KRS-One is often quoted as saying, “rap is something you do, hip-hop is something you live.” However, what does it mean to ‘live hip-hop’ in this day and age?
Hip-hop was originally created in a similar manner to that of the blues. Like the music that was born in the ‘juke joints’ of rural Mississippi, hip-hop was also created as a result of black struggle and ingenuity. Indeed, the early ‘park jams’ in New York City were as much about showcasing ones individual talents as they were about forming community and celebrating an entire culture that had been enslaved, ignored and disenfranchised.
Today, although alternative outlets exist that continue to maintain these original ideals, mainstream hip-hop, or the most popular forms of rap music have become much more negative. Disguised as party music and marketed to people of all ages and race, the hip-hop lifestyle has been transformed into a commercial entity that is now in the process of destroying its original values in search of greater profits.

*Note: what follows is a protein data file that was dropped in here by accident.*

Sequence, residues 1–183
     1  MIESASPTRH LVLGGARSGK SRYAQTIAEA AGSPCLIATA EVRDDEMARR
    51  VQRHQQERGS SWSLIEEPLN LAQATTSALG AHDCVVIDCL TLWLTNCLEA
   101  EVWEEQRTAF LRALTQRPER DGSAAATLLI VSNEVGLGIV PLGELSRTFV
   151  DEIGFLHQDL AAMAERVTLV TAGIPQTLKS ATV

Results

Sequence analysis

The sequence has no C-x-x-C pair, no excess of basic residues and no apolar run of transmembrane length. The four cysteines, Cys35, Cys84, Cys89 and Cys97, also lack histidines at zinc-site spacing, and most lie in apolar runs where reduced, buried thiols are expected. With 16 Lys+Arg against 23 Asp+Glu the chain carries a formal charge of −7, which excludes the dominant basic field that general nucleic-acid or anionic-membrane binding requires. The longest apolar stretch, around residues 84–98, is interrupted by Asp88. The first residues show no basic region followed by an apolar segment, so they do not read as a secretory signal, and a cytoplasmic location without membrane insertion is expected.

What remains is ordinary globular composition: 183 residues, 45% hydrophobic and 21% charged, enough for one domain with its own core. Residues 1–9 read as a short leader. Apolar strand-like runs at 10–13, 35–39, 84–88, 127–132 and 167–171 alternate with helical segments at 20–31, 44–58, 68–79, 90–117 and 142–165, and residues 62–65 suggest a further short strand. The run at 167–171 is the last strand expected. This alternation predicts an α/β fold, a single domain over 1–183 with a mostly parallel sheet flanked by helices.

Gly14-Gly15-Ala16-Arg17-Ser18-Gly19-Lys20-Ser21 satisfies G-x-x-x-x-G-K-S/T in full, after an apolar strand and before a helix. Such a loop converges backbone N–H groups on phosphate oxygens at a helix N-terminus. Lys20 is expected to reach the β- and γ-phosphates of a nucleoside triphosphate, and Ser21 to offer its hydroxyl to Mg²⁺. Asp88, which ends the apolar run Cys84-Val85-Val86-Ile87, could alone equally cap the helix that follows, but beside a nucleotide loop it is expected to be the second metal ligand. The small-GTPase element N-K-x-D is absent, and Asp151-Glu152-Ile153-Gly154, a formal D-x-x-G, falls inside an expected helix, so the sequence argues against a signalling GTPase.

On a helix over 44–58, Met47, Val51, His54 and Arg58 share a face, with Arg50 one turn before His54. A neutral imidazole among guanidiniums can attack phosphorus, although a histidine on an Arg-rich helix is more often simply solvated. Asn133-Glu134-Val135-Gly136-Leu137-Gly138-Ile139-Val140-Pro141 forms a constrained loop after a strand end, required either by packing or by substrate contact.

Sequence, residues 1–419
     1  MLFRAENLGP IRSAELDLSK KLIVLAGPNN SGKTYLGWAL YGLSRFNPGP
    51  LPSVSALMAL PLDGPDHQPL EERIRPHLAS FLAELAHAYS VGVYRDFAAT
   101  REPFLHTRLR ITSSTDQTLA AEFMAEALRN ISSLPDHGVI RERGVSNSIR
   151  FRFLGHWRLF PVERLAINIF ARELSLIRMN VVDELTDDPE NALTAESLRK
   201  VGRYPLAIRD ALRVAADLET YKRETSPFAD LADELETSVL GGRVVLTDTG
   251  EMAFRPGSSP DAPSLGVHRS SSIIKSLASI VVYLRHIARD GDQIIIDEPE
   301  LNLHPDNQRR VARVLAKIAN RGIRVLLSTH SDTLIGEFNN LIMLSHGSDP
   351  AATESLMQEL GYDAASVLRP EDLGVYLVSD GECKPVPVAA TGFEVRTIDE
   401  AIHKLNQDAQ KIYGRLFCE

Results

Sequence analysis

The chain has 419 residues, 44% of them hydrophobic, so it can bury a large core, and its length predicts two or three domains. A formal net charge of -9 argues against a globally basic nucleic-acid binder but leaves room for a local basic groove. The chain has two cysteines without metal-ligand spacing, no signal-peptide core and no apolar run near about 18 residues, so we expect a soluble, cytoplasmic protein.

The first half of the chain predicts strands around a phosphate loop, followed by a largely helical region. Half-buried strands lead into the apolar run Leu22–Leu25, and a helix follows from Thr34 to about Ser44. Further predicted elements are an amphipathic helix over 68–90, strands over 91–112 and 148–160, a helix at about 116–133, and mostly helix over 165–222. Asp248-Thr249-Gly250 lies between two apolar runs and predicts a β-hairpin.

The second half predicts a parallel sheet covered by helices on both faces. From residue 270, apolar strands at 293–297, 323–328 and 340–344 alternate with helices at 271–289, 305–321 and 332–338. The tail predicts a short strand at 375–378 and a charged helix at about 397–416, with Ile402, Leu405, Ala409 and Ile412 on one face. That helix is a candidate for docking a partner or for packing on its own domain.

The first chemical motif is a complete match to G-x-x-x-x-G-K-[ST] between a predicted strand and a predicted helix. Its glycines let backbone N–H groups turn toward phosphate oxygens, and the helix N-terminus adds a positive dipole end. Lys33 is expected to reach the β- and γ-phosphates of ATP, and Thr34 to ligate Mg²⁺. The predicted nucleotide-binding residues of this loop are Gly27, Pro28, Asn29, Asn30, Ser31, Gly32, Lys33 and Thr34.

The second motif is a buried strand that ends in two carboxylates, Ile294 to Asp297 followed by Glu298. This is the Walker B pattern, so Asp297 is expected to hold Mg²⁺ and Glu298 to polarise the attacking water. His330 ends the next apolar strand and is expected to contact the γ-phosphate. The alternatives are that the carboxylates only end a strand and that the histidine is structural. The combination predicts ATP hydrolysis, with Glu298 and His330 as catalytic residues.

This lack of lyrical credibility as well as social value is demonstrated on a daily basis, every minute of the day, on mainstream ‘Urban radio.’ Claiming to represent “hip-hop and R&B,” these commercial radio stations promote ignorance, misogyny and violence to the tune of billions of dollars. [Checkout a lyric from the Number 8 song on the Billboard Charts this week]:
“I bounce in the club so the ho’s call me Rocket, posted in the cut and im lookin for a blockhead, yup in my white tee, i break a bitch back, and i keep a big bank, oh i think dey like dat, before i leave the house, im slizzard on a goose, and im higher than a plane, so a nigga really loose, and i can lean wit it, and i can rock wit it, and if u gotta friend, she gotta suck a cock wit it”
(from, “Lean Wit It, Rock Wit It” by Dem Franchize Boyz)
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Earlier this week, Detroit rap artist ‘Proof’ of the group D12 (which includes Eminem), was shot and killed in a night club on the infamous 8 mile. According to police reports, ‘Proof’ allegedly shot first and was then killed by a subsequent gun shot to the head.